SME access to finance post Brexit

The then Prime Minister David Cameron’s proclamation in January 2014 that “we need to be a country that celebrates enterprise, that celebrates risk taking, because that is where the growth, the jobs, and the future are going to come from” highlighted the importance of SMEs to our economy.


A brief glance at statistics from the Federation of Small Businesses illustrates this point: as at the start of 2015 there were a record 5.4 million SMEs, accounting for 60% of the UK’s private sector employment, and 47% of all private sector turnover in the UK.

When the recession bit in 2008, access to finance became an ongoing problem. In the midst of the recession, in the second quarter of 2013, four in ten small businesses were turned away for credit. Prior to the Brexit vote, there were encouraging signs that the purse strings were finally loosening: £29.2 billion of new SME borrowing was approved in 2014, a 9% increase on the previous year. Around 8 out of 10 finance applications from SMEs were approved in 2014. However, the number of applications from SMEs slowed during the same period whilst their bank deposits increased, which may indicate a “once bitten, twice shy” lack of confidence on the part of SMEs of being accepted.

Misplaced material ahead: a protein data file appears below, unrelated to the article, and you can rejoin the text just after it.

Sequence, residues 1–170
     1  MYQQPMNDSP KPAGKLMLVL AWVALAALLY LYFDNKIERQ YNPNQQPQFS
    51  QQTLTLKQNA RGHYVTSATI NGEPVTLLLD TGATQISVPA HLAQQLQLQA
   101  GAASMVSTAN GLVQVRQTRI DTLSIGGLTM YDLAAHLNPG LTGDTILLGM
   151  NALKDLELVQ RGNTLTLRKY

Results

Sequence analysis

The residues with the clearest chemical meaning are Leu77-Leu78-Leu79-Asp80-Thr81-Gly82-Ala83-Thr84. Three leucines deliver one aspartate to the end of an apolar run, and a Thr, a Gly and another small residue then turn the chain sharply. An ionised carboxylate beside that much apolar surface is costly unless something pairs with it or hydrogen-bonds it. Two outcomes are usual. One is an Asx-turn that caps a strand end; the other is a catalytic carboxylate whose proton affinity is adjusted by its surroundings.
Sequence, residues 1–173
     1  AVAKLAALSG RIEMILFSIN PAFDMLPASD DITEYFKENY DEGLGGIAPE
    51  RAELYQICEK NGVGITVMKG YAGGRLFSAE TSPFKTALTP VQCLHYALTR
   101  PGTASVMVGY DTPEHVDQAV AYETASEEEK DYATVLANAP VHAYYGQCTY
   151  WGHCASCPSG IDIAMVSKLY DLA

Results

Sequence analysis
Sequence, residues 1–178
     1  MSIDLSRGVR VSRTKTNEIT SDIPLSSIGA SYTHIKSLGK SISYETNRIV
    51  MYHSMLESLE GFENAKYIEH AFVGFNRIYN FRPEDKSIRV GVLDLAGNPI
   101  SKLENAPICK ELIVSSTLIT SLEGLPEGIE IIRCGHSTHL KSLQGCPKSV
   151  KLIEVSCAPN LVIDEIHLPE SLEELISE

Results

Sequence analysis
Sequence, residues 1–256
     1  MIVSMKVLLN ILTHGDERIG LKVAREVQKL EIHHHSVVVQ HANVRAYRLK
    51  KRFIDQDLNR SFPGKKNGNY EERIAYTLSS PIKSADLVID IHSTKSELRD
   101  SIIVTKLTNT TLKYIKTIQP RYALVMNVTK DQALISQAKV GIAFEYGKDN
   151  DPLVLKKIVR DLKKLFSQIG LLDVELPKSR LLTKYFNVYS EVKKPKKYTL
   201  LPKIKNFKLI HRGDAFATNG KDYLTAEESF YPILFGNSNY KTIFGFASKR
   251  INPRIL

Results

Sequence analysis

Post-Brexit vote, and in the midst of the uncertainty created by it regarding if/when Article 50 will be triggered, and how the UK’s post-EU economy will look, the economic situation remains finely balanced. Notwithstanding some pre-Brexit encouraging indicators relating to SME access to finance, the post-Brexit landscape is uncharted territory, and undeniably challenging for small businesses.

What can SME owners do in such an environment? The following may help your business to survive and maximise its potential in the uncertain years ahead:


  • Financing | If unable to obtain bank lending have all avenues, such as invoice factoring, private equity, venture capital etc been explored?;
  • Commercial contracts | Seek high quality professional advice when negotiating your commercial contracts to ensure you get the best possible deal for your business;
  • Credit control | Robust credit control procedures are vital to maintaining a healthy cash flow;
  • Internal administration & constitutional documents | Is there a suitable shareholders’ agreement in place? Are your articles of association and directors’ service agreements fit for purpose? These can be key to avoiding costly litigation in the event of e.g., shareholder disputes;
  • Employment & HR | Effective HR advice and employment policies can help to head off costly and time-consuming employment-related litigation;
  • Share schemes | Offering a stake in the future success of your business may help to recruit or retain key staff at a time when your salary budget is squeezed.

We offer a full range of commercial advice to help you run your business as successfully as possible. If you would like to discuss how we could help you please do not hesitate to contact us.